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Description: Today we speak with George Monbiot, who studied zoology at Oxford, and has spent his career as a journalist and environmentalist, working with others to defend the natural world. His celebrated Guardian columns are syndicated all over the world. George is the author of the bestselling books Feral: Rewilding the Land, Sea and Human Life; The Age of Consent: A Manifesto for a New World Order; and Captive State: The Corporate Takeover of Britain, as well as the investigative travel books Poisoned Arrows, Amazon Watershed and No Man's Land. His latest book is Out of the Wreckage: a New Politics for an Age of Crisis. Among the many prizes he has won is the UN Global 500 award for outstanding environmental achievement, presented to him by Nelson Mandela.

109. CLAYTON THOMAS-MÜLLER on Disrupting Planetary Destruction /58
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Description: This week, join Ayana in conversation with organizer, facilitator, public speaker and writer on Indigenous rights and environmental & economic justice, Clayton Thomas-Müller. As a member of the Treaty #6 based Mathias Colomb Cree Nation also known as Pukatawagan located in Northern Manitoba, Canada, Clayton is the 'Stop it at the Source' campaigner with 350.org. For the last fifteen years he has campaigned across Canada, Alaska and the lower 48 states organizing in hundreds of First Nations, Alaska Native and Native American communities in support of grassroots Indigenous Peoples to defend their traditional territories against the encroachment of the fossil fuel industry. This has included a special focus on the sprawling infrastructure of pipelines, refineries and extraction associated with the Canadian tar sands. lifeinthecityofdirtywater.com/ For The Wild's Kickstarter: kck.st/2B14M7d

110. WINONA LaDUKE on the Prophesied Green Path /57
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Description: This week on For The Wild we are honored to have environmentalist activist, economist, writer, orator, Winona LaDuke. LaDuke is a living embodiment of earth activism and Indigenous sovereignty and longtime inspiration of the For The Wild team. • As the founder and executive director of Honor the Earth, Winona is fighting against pipelines while simultaneously creating tangible solutions for oil independence. • She is rooted in the White Earth Anishinaabe Nation located in Becker, Clearwater, and Mahnomen counties of north-central Minnesota and is the founding member of Turtle Island Slow Food Association, the first indigenous-led slow food association in the world. • Winona is currently raising funds to purchase Winona’s Hemp and Heritage Farm in Osage, MN where she has plans to cultivate acres of industrial hemp and foster the next generation of Anishinaabe land stewards. https://www.kickstarter.com/projects/winonashemp/winonas-hemp-and-heritage-farm/rewards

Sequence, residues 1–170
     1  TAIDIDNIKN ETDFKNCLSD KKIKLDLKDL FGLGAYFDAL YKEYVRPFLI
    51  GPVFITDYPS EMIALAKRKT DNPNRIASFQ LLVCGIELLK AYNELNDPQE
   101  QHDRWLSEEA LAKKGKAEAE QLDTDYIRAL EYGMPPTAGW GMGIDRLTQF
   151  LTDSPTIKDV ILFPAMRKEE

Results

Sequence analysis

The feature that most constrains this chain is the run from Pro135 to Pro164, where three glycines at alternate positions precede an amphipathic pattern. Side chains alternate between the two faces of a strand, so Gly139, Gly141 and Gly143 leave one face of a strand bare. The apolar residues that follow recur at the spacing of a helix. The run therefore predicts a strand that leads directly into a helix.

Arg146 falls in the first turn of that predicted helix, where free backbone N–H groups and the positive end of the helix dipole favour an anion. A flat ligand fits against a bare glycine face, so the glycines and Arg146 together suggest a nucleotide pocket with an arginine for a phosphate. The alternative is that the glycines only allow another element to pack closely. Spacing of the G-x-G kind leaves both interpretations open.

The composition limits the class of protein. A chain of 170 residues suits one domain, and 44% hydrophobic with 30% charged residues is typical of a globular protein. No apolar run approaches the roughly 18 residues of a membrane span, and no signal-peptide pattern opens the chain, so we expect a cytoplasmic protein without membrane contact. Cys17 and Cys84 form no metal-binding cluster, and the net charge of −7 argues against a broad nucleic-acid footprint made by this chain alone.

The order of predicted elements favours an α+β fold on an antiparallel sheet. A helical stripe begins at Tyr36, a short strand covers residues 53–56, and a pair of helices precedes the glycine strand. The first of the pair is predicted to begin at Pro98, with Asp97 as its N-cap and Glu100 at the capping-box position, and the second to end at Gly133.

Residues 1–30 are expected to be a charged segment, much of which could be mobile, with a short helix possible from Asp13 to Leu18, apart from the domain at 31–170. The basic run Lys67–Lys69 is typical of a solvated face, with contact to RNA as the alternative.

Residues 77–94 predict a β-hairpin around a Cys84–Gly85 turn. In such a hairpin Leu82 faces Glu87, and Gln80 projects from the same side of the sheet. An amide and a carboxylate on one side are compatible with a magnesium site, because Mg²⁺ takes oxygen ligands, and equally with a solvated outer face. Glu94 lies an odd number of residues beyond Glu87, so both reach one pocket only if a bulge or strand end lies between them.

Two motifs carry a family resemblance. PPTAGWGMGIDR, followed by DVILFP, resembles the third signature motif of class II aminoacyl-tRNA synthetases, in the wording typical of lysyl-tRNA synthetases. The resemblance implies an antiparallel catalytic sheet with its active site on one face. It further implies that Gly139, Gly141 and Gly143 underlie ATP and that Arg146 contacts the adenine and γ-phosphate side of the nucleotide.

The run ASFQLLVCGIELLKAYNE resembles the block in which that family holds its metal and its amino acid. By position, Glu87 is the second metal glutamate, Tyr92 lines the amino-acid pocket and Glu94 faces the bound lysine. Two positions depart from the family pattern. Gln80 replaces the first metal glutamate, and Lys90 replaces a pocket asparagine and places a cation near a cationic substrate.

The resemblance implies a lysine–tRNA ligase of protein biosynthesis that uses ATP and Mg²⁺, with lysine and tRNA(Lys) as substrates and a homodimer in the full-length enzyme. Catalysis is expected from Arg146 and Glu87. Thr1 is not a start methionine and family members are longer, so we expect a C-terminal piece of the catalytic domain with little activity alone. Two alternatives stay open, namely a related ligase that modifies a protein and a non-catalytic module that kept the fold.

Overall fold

111. SYLVIA EARLE on the Fate of Marine Biodiversity /56
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Description: “It's taken us a short time to change the nature of nature. In my lifetime, there has been more change than during all preceding human history put together.” This episode we speak with Dr. Sylvia A. Earle, called "Her Deepness" by the New Yorker and the New York Times, "Living Legend" by the Library of Congress, and first "Hero for the Planet" by Time magazine. Dr. Earle is an oceanographer, explorer, author, and lecturer. She has experience as a field research scientist, government official, and director for corporate and nonprofit organizations. Earle has led more than a hundred expeditions and logged more than 7,000 hours underwater, including leading the first team of women aquanauts in 1970. She is the subject of the Emmy Award-winning film Mission Blue. As the founder of Mission Blue, an organization uniting a global coalition to inspire an upwelling of public awareness, access and support for a worldwide network of marine protected areas, or Hope Spots. These habitats or ecosystems are home to rare, threatened or endangered species. Nominated and protected by civilians, all of these Hope Spots will create a global wave of community support for ocean conservation that leaders and policy makers can’t ignore. mission-blue.org

112. PAUL WATSON on Sea Shepherd's Life-or-Death Direct Action /55